Talk:Hydroxyzine

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Summary sheet: Hydroxyzine

Template:SubstanceBox/Hydroxyzine

Hydroxyzine is a antihistamine substance of the diphenylmethylpiperazine class. It is in the piperazine family of chemicals.[1] It's main mechanism of action is as a potent and selective histamine H1 receptor antagonist.[2][3]

Hydroxyzine is used in the treatment of itchiness, anxiety, and nausea due to motion sickness.[4]

Ferreri et al. (1995), in a placebo-controlled study, found hydroxyzine to be effective for the treatment of GAD (Generalized Anxiety Disorder) after 1 week of treatment and maintained the improvement throughout the study.[5]

Recreational use of hydroxyzine is inprofilable and is't associated with dependence and abuse, but with fast tolerance.

History and culture

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It was first made by Union Chimique Belge in 1956 and was approved for sale by Pfizer in the United States later that year.[6][7] In the United Kingdom 28 doses cost less than a pound.[8] In the United States the wholesale cost in 2018 was about 0.05 USD per dose.[9] In the United States about 8 million prescriptions were written for hydroxyzine in 2016.[10]

Chemistry

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Hydroxyzine is a member of the diphenylmethylpiperazine class of antihistamines.

Analogues of hydroxyzine include buclizine, cetirizine, cinnarizine, cyclizine, etodroxizine, meclizine, and pipoxizine among others.

Hydroxyzine is synthesized by the alkylation of 1-(4-chlorobenzhydryl)piperazine with 2-(2-Chloroethoxy)ethanol[11]

Pharmacology

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Hydroxyzine is as a potent and selective histamine H1 receptor antagonist. This action is responsible for its antihistamine and sedative effects.[12][13] Hydroxyzine also has very low affinity for the muscarinic acetylcholine receptors, and in accordance, has low or no propensity for producing anticholinergic side effects. In addition to its antihistamine activity, hydroxyzine has also been shown to act more weakly as an antagonist of the serotonin 5-HT2A receptor, the dopamine D2 receptor, and the α1-adrenergic receptor, what causes anxiolytic.[14][15]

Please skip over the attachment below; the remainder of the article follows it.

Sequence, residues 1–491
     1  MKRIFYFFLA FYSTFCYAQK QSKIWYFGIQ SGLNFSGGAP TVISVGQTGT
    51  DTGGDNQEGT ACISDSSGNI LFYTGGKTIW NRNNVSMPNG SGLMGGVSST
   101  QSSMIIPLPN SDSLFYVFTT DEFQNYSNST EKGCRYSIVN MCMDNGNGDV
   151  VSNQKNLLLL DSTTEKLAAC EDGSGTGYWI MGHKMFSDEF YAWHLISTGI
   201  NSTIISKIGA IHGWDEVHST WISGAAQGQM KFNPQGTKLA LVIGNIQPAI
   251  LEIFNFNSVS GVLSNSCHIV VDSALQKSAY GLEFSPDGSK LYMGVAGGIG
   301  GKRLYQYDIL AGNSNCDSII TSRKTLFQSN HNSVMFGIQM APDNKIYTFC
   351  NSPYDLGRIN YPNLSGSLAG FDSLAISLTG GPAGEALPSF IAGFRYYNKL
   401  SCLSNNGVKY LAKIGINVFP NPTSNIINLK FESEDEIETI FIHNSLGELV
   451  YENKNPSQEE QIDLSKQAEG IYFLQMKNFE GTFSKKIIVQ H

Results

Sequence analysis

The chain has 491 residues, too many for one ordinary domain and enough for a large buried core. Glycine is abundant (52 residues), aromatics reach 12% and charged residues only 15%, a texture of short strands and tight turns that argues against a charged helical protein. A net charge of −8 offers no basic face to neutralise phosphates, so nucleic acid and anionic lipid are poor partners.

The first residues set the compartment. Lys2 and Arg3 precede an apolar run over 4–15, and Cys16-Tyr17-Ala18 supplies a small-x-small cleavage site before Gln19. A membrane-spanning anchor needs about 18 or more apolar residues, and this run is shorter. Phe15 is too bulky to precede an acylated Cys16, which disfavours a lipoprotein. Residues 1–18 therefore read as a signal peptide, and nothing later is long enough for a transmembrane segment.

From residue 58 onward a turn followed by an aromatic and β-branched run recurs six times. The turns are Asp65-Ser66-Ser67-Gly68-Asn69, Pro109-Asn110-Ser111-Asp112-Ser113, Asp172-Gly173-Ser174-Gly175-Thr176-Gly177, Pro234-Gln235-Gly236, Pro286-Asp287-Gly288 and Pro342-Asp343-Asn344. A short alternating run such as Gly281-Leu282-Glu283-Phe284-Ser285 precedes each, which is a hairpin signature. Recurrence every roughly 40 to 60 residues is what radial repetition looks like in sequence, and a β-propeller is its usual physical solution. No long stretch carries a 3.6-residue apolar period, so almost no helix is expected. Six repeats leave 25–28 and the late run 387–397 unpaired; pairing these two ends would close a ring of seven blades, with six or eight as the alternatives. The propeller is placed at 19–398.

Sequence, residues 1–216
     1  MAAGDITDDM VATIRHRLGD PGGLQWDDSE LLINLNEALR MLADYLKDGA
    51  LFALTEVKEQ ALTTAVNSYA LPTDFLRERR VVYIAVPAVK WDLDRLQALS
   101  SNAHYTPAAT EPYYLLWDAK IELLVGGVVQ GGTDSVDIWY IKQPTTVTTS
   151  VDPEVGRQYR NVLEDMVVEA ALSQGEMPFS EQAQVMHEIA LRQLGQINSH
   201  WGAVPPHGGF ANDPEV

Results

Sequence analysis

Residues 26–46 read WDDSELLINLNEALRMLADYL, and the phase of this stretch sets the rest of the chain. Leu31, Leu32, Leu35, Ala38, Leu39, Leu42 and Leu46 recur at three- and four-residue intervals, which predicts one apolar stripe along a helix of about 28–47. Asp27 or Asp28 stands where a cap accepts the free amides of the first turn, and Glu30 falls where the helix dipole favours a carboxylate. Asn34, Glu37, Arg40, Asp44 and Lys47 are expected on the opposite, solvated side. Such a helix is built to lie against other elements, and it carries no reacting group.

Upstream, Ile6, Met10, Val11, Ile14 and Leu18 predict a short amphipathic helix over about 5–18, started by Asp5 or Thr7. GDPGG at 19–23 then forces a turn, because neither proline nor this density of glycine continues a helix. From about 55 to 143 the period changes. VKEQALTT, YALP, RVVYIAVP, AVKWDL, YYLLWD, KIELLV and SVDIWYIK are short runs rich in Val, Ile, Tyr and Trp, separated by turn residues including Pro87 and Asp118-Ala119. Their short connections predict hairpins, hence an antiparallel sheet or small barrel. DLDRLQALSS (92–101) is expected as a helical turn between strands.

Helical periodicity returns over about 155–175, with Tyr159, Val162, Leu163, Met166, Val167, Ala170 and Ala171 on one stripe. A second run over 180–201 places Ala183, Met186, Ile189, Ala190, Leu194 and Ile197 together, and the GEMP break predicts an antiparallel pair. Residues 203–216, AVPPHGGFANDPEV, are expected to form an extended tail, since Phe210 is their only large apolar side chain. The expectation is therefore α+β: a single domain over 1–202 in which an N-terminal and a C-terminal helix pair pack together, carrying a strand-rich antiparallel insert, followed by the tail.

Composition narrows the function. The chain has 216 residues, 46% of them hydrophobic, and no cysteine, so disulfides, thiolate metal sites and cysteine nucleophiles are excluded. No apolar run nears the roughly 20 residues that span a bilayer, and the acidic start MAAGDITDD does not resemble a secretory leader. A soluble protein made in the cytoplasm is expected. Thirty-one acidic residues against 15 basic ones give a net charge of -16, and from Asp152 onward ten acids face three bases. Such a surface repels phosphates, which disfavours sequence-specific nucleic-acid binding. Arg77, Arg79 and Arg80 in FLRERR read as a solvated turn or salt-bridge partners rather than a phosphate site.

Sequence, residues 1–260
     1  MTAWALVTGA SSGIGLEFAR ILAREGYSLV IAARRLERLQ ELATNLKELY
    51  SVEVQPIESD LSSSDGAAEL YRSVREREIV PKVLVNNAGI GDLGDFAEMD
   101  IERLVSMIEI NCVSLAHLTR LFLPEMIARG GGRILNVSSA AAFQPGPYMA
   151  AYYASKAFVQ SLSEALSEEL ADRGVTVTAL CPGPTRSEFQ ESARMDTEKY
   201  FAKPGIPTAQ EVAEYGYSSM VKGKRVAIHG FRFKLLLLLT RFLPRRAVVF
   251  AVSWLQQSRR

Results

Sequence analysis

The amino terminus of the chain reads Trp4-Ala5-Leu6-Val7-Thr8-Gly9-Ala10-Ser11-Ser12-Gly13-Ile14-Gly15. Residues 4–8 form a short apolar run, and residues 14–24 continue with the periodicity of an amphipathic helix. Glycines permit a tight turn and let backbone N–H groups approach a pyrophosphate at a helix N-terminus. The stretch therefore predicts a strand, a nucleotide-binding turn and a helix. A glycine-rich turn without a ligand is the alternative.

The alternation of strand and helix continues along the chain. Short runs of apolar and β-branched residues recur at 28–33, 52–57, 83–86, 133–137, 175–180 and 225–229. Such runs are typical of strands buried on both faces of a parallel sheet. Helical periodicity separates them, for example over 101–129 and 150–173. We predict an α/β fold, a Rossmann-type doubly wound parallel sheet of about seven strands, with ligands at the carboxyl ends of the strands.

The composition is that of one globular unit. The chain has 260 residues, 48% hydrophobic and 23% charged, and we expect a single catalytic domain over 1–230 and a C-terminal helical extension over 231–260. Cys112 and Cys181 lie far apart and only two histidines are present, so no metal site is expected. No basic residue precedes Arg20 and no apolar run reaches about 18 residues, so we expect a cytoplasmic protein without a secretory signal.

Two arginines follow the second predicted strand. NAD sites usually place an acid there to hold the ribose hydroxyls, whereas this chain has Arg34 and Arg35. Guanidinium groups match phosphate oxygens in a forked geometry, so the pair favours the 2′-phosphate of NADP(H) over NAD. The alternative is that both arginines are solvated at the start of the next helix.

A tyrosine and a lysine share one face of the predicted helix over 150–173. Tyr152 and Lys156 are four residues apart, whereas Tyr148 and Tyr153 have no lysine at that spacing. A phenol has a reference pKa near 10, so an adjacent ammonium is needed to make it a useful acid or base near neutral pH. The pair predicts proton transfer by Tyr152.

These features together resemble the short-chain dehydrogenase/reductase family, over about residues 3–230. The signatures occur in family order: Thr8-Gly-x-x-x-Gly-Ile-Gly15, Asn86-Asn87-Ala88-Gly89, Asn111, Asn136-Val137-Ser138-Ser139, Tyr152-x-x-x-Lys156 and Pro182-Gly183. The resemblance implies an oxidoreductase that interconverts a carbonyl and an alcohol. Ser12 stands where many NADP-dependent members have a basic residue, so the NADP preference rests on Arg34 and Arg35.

Subjective effects

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Disclaimer: The effects listed below are taken from the subjective effect index, which is based on anecdotal reports and the personal experiences of PsychonautWiki contributors. As a result, they should be treated with a healthy degree of skepticism. It is worth noting that these effects will rarely (if ever) occur all at once, although higher doses will increase the chances of inducing a full range of effects. Likewise, adverse effects become much more likely on higher doses and may include serious injury or death.

Physical effects
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Visual effects
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Cognitive effects
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Auditory effects
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Multi-sensory effects
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Transpersonal effects
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Experience reports

There are currently no anecdotal reports which describe the effects of this compound within our experience index. Additional experience reports can be found here: